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What Cheeses Are Safe to Eat During Pregnancy?

It’s true that certain cheeses are off-limits when you’re pregnant, but the great news is that there are still lots of delicious cheeses that you can continue to enjoy throughout your pregnancy.  In fact, eating cheese and other dairy products whilst you’re expecting is to be encouraged.  This is because they contain a lot of the vital nutrients that support your baby’s growth and development, including protein, calcium, phosphorus and vitamin D.  So please don’t stop eating your cheese on toast and carry on sprinkling parmesan on your spag bol!

But there are some cheeses that you must avoid until after the birth of your baby.  This is because some cheeses can contain listeria, a bacteria which can cause a type of food poisoning called listeriosis.  Unfortunately, the hormonal changes that occur during pregnancy can compromise your immune system, leaving you more susceptible to developing listeriosis, which can cause serious complications and even miscarriage and still birth.

For info, the symptoms of listeriosis include fever and chills, aches and pains, nausea, vomiting and diarrhoea. If you have any of these symptoms during pregnancy, you should seek out the advice of a healthcare professional as soon as possible.

Please note that listeriosis is a rare condition, so try not to worry if you’ve already eaten cheese that may not be safe.  The risk to you and your baby is low.  Just stick to safe cheese in the future, to protect you and your baby.

 So, let’s start with the cheese you can eat when you’re pregnant.

Chunks of Cheddar Cheese

  • All hard cheeses, such as cheddar, stilton and parmesan, even those made from unpasteurised milk are safe. This is because they are quite acidic and have a low water content, which means they are unlikely to contain the listeria bacteria.  Some other examples of safe hard cheeses include: Double Gloucester, Red Leicester, Emmental, Comté, Gruyere, Manchego and Jarsberg.
  • Soft cheeses made from pasteurised milk, including mozzarella, cottage cheese, feta, cream cheese, paneer, ricotta, halloumi. Soft goat’s & sheep’s cheese are also safe, but only the ones without a white coating/rind on the outside.
  • Soft unpasteurised cheese that’s been thoroughly cooked until it’s steaming hot
  • Soft cheese with a white coating/rind on the outside that’s been thoroughly cooked until it’s steaming hot.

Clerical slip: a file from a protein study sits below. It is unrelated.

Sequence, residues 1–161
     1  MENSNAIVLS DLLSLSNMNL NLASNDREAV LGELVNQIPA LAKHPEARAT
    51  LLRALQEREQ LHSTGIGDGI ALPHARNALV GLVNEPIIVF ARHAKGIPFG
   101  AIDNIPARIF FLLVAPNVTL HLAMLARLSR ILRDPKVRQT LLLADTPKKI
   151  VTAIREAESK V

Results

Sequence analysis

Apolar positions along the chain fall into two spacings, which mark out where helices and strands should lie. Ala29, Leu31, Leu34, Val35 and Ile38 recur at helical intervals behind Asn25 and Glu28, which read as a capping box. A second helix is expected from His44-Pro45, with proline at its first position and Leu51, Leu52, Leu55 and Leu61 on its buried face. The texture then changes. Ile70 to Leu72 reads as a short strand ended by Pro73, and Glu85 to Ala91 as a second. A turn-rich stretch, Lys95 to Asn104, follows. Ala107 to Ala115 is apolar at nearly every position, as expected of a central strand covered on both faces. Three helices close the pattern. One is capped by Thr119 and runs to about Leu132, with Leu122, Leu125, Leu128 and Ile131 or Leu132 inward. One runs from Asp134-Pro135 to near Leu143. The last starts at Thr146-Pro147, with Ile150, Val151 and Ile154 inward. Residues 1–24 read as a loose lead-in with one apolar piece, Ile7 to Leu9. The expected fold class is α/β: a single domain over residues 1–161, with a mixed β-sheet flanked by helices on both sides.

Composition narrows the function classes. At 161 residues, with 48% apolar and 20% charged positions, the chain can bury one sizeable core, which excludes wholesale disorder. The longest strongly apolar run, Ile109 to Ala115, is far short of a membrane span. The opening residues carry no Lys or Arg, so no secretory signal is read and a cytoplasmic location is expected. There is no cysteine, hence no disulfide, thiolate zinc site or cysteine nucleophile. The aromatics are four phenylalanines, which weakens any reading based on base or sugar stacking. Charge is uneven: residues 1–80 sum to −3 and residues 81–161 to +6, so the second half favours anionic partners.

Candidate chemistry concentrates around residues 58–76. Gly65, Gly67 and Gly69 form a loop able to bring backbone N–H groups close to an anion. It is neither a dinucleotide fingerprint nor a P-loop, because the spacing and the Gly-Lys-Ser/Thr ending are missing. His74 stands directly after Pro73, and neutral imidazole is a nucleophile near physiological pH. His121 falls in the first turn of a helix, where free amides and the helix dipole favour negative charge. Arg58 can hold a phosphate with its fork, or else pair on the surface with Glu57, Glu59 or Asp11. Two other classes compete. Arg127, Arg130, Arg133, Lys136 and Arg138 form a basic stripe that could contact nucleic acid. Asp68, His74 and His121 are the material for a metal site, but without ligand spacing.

• Soft blue cheese that’s been thoroughly cooked until it’s steaming hot.

 If you’re unsure whether a particular cheese is made from pasteurised or unpasteurised milk, you can check the packaging, or ask your cheesemonger.  

What Cheese Should You Avoid During Pregnancy?

In the following section we have listed the cheeses you should avoid whist you're expecting:

Soft French Cheese

  • Unfortunately all those delicious mould-ripened soft cheeses that have a white coating/rind on the outside are not allowed. This is because soft cheeses with a white coating on the outside contain more moisture.  This means that cheeses such as brie, Camembert, chevre, and Delice de Bourgogne are all off the menu, unless of course they’re thoroughly cooked until steaming hot.  So at least you can still enjoy a baked camembert – yay!
  • Soft blue cheese, such as Gorgonzola, Roquefort and Montagnolo Affine, unless they’re thoroughly cooked until steaming hot.
  • Washed-rind cheeses such as Epoisse, Merry Wyfe, Taleggio and Raclette, unless they’re thoroughly cooked until steaming hot.

Once you’ve had your baby, you can go back to eating whatever cheese you like.  Even if you’re breastfeeding, you don’t need to avoid any particular cheeses. Unless of course, your baby suffers from a cow’s milk allergy or intolerance.

If you know someone who’s pregnant or even if want to treat yourself to a safe cheesy indulgence, why not take a look at the following gift hampers for pregnant ladies and new mums:

Pregnancy Cheese Gift Hamper
New Mum Cheese Gift Hamper with Champagne
Hard Cheese Board Set

Just so you know…we may know a fair bit about cheese, but we’re not medically trained.  So when writing this blog we referred to the NHS website, which offers excellent advice on lots of health-related subjects.  Just click here for a link to the relevant webpage.